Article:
The Killers: Hot Fuss

Hot Fuss
Hot Fuss
Genre: New Wave
Label: Island
Release Year: 2004
Listen: Spotify / Apple Music

I was at work the first time I heard Hot Fuss. That work just happened to be at Island Records, sitting just about 20 feet down a hall from the radio promotions dudes. The ones who, back in the day, used to ply DJs with coke and stacks of cash to play their label’s artists. I’m going to say none of that was still going on in 2004. I’m going to say it… But the thing is nothing excites these very high-strung dudes more than a can’t-miss record filled with radio-friendly singles. That kind of shit makes their jobs way easier. And certainly saves their blow budget for harder sells.

So it wasn’t surprising that they almost lost their minds over The Killers’ debut album. In fact, one guy played “Somebody Told Me” and “Mr. Brightside” about seven times in a row before bolting into the hallway on his long-corded desk phone screaming into it about how he’d struck gold. He may have done a cartwheel and snorted a line off an intern as well, but my memory is a little hazy. Whatever his reaction, it mirrored mine as I heard the single blasting from his office. I believe I either thought, or actually said out loud to one of my co-workers, “Man, this shit is gonna be huuuuuge.”

I mean, it was the early-ish aughts, and we’d already seen the burgeoning indie post-punk revival scene explode with the likes of Interpol and Franz Ferdinand. But they, along with The Strokes, had that too-cool-for-school attitude that probably turned off suburban kids. That was a plus for my snobby, hipster brain, but there is a standoffishness that brand of music that The Killers eschewed. They weren’t New Yorkers. They weren’t models, or the children of models. Or the children of people who own models. They were a group of dudes led by a Mormon dude in Brandon Flowers from suburban Nevada and Utah. And, sure, their music certainly had elements of these cool bands, but it also incorporated some theatrics — especially in their subsequent albums — more akin to Queen or Meat Loaf. And a bunch of new wave, Duran Duran tricks. Ultimately, the music comes across as super-earnest, if not a bit derivative.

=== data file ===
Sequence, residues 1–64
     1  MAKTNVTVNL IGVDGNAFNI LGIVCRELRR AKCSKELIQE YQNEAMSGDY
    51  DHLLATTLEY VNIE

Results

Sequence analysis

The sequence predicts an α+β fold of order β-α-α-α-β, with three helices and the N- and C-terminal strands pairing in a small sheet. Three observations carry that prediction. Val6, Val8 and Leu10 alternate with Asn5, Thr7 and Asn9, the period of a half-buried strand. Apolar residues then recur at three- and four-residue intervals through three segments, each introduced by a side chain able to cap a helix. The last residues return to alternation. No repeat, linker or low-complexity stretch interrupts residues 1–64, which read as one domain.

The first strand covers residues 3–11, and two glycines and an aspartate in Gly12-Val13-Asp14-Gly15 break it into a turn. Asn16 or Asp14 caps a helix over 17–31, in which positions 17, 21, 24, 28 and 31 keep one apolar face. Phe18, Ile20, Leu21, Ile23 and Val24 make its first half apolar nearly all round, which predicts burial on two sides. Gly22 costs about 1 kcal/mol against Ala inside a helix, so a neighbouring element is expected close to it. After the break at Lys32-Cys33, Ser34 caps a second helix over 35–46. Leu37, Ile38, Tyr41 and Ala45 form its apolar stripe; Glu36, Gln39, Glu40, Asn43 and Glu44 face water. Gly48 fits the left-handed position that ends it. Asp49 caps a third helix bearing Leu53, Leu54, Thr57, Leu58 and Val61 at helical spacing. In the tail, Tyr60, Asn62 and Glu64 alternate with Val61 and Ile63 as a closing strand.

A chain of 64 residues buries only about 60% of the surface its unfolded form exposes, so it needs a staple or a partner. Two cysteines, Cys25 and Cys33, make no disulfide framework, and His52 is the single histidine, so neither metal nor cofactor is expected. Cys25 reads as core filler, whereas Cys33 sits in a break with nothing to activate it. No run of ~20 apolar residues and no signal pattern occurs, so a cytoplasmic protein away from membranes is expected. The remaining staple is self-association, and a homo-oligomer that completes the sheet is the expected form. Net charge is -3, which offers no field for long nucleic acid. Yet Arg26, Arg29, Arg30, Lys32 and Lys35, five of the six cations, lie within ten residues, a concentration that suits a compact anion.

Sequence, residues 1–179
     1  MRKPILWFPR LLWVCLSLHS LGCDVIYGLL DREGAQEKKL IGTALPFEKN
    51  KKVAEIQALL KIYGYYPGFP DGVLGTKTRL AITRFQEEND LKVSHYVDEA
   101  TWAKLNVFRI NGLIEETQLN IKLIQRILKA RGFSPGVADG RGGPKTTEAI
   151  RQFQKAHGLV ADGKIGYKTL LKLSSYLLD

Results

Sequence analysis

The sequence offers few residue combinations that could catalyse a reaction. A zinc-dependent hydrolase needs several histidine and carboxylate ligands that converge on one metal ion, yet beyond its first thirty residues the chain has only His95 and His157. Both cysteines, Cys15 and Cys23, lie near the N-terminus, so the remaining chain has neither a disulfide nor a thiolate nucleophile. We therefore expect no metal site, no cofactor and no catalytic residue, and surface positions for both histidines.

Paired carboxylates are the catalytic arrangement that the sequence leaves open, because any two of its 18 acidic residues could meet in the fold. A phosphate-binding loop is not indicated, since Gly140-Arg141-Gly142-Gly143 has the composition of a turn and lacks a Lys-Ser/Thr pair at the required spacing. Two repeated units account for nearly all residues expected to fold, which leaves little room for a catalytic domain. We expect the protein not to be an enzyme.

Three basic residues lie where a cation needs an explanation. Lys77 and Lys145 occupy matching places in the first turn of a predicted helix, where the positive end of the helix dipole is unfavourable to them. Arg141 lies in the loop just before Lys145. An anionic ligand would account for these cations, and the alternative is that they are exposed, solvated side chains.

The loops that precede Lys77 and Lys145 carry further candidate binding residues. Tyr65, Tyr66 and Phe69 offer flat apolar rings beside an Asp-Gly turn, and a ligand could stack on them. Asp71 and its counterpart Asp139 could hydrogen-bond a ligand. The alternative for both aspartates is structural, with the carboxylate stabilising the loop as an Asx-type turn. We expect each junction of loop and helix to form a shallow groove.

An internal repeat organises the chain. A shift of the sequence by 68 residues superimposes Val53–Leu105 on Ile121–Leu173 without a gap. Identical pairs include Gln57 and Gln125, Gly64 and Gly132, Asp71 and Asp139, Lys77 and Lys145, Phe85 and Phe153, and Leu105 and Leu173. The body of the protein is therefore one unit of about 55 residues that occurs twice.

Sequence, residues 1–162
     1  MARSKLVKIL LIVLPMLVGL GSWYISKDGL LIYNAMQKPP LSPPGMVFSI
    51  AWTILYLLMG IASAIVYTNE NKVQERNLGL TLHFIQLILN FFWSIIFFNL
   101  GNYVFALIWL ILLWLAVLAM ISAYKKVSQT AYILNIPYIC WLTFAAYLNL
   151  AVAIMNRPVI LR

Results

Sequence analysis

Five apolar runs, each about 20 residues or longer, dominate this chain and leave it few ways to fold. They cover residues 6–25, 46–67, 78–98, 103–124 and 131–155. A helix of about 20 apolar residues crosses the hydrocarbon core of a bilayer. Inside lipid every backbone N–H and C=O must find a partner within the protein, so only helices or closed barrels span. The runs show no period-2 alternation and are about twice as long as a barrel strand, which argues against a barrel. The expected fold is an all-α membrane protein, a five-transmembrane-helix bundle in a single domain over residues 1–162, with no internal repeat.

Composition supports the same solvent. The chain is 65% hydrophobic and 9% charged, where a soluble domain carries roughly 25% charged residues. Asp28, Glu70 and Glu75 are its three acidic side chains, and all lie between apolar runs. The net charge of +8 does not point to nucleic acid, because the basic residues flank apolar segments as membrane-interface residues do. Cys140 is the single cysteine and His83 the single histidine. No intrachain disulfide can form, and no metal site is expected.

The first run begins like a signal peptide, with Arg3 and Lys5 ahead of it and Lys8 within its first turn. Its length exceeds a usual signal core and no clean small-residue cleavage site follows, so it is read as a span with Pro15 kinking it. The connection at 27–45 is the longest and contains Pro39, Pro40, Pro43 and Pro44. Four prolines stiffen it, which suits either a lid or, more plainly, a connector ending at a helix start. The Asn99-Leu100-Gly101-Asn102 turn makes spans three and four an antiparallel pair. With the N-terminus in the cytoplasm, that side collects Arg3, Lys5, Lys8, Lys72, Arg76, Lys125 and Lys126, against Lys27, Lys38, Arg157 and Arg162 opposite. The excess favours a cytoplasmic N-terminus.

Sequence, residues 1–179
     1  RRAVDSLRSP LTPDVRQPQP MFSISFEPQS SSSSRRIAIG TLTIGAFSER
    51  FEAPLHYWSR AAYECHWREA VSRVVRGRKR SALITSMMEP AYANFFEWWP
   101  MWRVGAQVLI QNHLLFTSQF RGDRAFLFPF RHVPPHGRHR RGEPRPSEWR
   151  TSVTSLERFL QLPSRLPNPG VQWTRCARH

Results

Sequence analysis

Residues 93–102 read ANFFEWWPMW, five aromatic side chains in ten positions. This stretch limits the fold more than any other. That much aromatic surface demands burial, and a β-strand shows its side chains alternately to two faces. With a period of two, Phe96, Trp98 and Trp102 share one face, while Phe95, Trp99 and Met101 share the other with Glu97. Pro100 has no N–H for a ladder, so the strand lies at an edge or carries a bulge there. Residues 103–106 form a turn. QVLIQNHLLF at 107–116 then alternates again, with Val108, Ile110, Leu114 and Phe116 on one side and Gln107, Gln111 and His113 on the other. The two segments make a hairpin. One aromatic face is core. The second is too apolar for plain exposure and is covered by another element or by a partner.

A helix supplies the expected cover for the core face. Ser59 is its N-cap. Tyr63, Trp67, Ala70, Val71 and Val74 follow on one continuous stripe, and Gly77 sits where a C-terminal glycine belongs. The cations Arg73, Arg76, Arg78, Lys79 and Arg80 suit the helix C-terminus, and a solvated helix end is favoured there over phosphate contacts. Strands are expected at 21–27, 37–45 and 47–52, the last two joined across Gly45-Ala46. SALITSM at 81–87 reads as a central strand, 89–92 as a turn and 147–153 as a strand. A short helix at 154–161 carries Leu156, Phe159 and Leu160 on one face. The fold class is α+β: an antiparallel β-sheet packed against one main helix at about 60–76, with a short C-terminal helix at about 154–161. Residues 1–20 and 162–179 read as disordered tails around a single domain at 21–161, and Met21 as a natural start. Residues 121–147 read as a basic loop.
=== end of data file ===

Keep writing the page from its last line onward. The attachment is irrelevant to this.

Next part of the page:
But you know from the opening riff of “Mr. Brightside,” as it rolls into the galloping dance beat and smilingly feints at using the word “dick” that this is just straight pop magic. The production sings with keyboard flourishes and voice effects on the choruses. But it’s still grounded in an almost Springsteen-y heartland rock thing, with the clearly real drums and soaring anthemic approach. To a song I think is about a guy whose crush is hooking up with another guy who isn’t him? I don’t know; I don’t pay attention to lyrics that way. Honestly, as I re-listen, there is also a lot of Rolling Stones in this album. Or at least some serious idol worship. Probably the main reason most people mistake The Killers for a Brit band.

When it comes down to it, this is just a really well-made pop rock album. Even the non-hits are mostly decent and certainly listenable. I was around — but very young — when The Police were popular, but really only came around on their final album, Synchronicity. It feels like The Killers should have been the modern version of that band based on this debut album. They should have had that career. And, yes, I know The Police were the biggest band in the world for a while there, but why not? Of course, Brandon Flowers isn’t Sting. He isn’t Bono. He isn’t Freddy Mercury. He isn’t even Simon Le Bon. Though the man can write and perform a tune, that’s for certain. And he and the band will always have the legacy of this record to lean on, even as they and every other rock ‘n’ roll band in the world sadly work their way into obscurity.